'This one feels different': Federal employees on edge 'panicking' as they go without pay during shutdown
Transportation Security Administration officers record an explosion at the explosive ordnance disposal range May 28, 2014, at MacDill Air Force Base, Florida. TSA officers were given the opportunity to remotely detonate some of the explosives during the training. (U.S. Air Force photo/Airman 1st Class Ned T. Johnston)

Federal employees working without pay during Donald Trump's holiday government shutdown are saying that, for many reasons, they may soon start panicking.

"This one feels different," Celia Hanh, a TSA officer who is working without pay, told the New York Times.

Hanh, who works at the Minneapolis-St. Paul International Airport, said that if the shutdown "were to go about two weeks, that’s when people would start panicking."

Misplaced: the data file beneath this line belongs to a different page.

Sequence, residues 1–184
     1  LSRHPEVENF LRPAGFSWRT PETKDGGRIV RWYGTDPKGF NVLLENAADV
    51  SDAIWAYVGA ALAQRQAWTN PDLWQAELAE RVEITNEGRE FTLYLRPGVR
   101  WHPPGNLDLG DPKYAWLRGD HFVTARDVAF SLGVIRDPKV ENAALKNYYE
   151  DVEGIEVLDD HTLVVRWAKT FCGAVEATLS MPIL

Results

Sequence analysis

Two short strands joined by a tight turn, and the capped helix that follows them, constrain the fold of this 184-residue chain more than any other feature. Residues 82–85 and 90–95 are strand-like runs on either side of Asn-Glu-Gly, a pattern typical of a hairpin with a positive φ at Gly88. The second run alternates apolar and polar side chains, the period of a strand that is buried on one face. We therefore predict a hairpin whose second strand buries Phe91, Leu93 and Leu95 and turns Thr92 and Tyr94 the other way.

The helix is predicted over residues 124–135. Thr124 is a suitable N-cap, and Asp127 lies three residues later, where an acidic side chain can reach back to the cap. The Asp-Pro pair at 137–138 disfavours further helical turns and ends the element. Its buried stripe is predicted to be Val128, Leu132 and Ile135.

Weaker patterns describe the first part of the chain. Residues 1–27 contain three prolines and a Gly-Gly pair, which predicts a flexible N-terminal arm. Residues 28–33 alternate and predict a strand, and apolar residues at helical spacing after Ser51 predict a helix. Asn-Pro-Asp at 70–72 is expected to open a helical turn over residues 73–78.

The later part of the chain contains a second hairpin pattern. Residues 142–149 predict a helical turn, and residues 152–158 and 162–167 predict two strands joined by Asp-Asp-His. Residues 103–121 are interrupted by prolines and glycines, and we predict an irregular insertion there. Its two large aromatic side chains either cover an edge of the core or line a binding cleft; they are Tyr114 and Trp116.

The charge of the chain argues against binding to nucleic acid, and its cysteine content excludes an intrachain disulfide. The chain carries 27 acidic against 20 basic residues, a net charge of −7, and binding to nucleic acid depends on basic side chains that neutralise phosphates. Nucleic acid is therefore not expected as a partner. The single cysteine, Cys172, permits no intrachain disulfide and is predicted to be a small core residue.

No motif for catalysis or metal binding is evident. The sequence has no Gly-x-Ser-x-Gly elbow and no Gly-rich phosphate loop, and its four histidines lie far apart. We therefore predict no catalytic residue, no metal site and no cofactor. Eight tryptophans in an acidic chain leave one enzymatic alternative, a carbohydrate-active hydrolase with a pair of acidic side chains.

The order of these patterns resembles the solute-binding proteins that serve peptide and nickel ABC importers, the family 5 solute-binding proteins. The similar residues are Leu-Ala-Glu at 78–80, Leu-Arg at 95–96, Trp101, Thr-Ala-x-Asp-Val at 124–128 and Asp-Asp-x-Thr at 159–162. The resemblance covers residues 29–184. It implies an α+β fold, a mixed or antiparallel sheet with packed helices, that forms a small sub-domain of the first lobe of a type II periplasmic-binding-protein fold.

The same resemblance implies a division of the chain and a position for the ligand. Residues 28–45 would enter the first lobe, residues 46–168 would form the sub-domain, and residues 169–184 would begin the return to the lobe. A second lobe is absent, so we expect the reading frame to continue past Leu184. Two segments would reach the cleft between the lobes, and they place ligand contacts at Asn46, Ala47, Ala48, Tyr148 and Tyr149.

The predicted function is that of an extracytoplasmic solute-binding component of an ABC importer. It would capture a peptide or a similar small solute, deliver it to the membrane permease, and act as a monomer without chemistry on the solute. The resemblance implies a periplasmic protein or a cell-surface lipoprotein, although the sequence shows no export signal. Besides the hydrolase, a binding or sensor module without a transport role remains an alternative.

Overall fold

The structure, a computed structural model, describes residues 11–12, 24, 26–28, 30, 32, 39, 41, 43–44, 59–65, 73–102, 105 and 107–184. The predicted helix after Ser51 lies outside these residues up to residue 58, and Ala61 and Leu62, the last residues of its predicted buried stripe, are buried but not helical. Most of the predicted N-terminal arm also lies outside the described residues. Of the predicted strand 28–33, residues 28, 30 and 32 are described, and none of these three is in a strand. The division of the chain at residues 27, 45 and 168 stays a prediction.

After losing a number of items she owned in an Alaska earthquake earlier this year, furloughed Bureau of Indian Affairs probate specialist Dena Ivey has been forced to grapple with "the man-made disaster now afflicting her family," the Times reported.

“We’re sort of being held hostage in the middle, and we have families and obligations,” Ivey, a single mother, told the newspaper. “I don’t know if I’m going to be able to make rent.”

The Anchorage-based BIA official added: “I’m basically living on credit now.”

"We have to grin and bear it," said Charles Aitken, a Federal Emergency Management Agency inventory manager who is still working in Virginia without pay. The report added that Aitken recently informed his ex-wife that he may be late paying child support.

The Washington Post also reported Friday night that Coast Guardsmen are also left hanging in the balance amid the shutdown -- and that some are calling it a "crisis."

Read the entire report via the Times.